Wow. It’s almost eight months since I’ve actually managed to write anything for myself. My workload has been ridiculously heavy of late, with various projects running at the same time. Now that has eased, I can finally sit down and muse over topics that interest me. Today, it was creativity and our children.


Consulting mostly from my home office affords me the privilege of being able to home-educate our youngest daughter. The Dad also is self-employed, so between us, we are able to facilitate a bespoke educational experience for Miss E.

We home-educated our eldest, Miss P, on and off for several years, but by the time she reached 10, she decided she wanted to go back to mainstream school and is currently finishing her first year of high school. It suits her.

Little Miss E however, is an entirely different child.

We sent her to school – a small village primary, of around 46 kids – when she was just four-years-old, with the condition that the first six months would be flexi-schooling, i.e. half days. This worked quite well. Then she progressed to full days. I’ve never seen the spark wither from a child’s soul so quickly.

She became so tired, anxious, nail-biting and bed-wetting very quickly. Compared to her peers, she was simply doll-like. She was a late-summer baby and physically tiny. She looked out-of-place. Then she came home with wet pants. The teaching assistant (who was her full-time teacher and not qualified) refused to let her go to the toilet; said she could wait until break time. Who does that? When a small child says they need to pee, they are literally on the cusp of wetting their pants.

The final straw (along with the poor welfare considerations on a major environmental threat to the school) was when she started pulling out her own eyelashes during the night. I was devastated.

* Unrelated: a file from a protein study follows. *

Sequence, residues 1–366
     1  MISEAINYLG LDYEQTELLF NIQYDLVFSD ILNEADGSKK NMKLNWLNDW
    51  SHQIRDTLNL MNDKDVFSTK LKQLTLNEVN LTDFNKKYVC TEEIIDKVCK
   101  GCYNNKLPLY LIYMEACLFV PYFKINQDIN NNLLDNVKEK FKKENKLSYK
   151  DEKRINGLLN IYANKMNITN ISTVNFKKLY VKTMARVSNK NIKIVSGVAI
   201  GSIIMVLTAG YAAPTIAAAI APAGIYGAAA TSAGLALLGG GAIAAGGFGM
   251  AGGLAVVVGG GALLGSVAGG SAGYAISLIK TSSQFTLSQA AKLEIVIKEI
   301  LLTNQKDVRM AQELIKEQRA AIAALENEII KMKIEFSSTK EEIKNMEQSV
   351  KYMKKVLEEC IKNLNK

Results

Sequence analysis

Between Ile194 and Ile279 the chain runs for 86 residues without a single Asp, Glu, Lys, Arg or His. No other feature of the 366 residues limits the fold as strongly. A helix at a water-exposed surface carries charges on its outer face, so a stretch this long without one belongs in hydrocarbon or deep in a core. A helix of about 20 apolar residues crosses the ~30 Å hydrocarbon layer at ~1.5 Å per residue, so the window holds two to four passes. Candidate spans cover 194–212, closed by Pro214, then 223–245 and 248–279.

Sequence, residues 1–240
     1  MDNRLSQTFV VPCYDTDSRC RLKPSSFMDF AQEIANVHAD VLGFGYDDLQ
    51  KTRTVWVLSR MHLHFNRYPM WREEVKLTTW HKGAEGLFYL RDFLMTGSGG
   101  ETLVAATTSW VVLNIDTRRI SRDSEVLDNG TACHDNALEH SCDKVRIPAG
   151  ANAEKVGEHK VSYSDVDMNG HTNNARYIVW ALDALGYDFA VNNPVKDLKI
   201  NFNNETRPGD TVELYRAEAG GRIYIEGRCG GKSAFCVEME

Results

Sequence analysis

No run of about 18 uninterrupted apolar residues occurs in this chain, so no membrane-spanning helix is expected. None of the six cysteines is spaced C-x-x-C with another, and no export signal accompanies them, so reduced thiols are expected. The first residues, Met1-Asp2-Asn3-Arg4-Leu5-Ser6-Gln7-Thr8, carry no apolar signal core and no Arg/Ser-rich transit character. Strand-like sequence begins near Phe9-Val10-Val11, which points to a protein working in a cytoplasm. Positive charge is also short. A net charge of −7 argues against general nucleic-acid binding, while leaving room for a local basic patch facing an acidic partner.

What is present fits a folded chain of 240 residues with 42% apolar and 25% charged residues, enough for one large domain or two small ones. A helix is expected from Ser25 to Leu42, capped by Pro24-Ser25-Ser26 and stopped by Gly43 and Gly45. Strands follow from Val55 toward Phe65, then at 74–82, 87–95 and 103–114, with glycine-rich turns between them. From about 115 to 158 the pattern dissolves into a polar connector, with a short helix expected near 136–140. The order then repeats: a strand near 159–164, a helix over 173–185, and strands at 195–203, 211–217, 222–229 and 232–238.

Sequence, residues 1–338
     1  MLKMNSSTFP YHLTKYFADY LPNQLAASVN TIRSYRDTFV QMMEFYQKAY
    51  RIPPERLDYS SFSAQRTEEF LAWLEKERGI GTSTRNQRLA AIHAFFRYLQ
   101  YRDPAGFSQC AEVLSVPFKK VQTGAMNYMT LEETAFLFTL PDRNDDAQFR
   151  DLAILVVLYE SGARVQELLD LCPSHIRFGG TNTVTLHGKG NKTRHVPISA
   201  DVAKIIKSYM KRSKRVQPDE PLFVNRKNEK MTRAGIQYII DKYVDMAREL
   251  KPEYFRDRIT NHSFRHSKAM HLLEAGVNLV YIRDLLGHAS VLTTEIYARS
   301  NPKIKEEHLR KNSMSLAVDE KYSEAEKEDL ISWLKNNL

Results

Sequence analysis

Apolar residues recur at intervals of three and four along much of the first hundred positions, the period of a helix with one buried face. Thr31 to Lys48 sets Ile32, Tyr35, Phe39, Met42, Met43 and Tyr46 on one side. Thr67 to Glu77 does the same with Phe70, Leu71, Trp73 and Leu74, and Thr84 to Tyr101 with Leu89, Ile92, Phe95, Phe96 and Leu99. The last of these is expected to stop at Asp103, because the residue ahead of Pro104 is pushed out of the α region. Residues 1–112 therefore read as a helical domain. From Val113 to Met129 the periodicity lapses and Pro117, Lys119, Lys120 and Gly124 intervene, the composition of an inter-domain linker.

She didn’t return to school.

Creativity, Unfurled

Over the next few years of being at home and learning in her own way, space and time, we saw our child return to her former magical self. She had always been a creative little dot; regularly on the go with some sticky art or gluey craft activity. This returned with a force, and her art took on a large-scale form, with canvases and creations from her own imagination, springing up around the house and garden.

Here's to the Creatives

She often finds a recipe she’s seen – Matilda and the Ramsey Bunch is an absolute favourite of hers – and recreates it. Mary Berry is her cake hero. I wouldn’t think twice about leaving her in the kitchen to get on with cooking or baking. She will occasionally shout through to my office: “Mammy, I’m doing this but what does the measurement look like on the scales? Don’t come in, just tell me where to look.”

She has a maths programme on her tablet, English workbooks and whatever else takes her fancy, we make happen for her. She loves to watch YouTube tutorials on hairstyles, and then practice on me or her sister. She’s pretty amazing. The same goes for art, nail art, sculpture, slime-making…anything creative or art-orientated, she’s all over it.

And luckily, she is able to do that. There is no interruption or time limits to her learning, nor any prescriptive programmes or curriculums to follow.

I’m not saying I’m anti-school; but I am pro individual learning.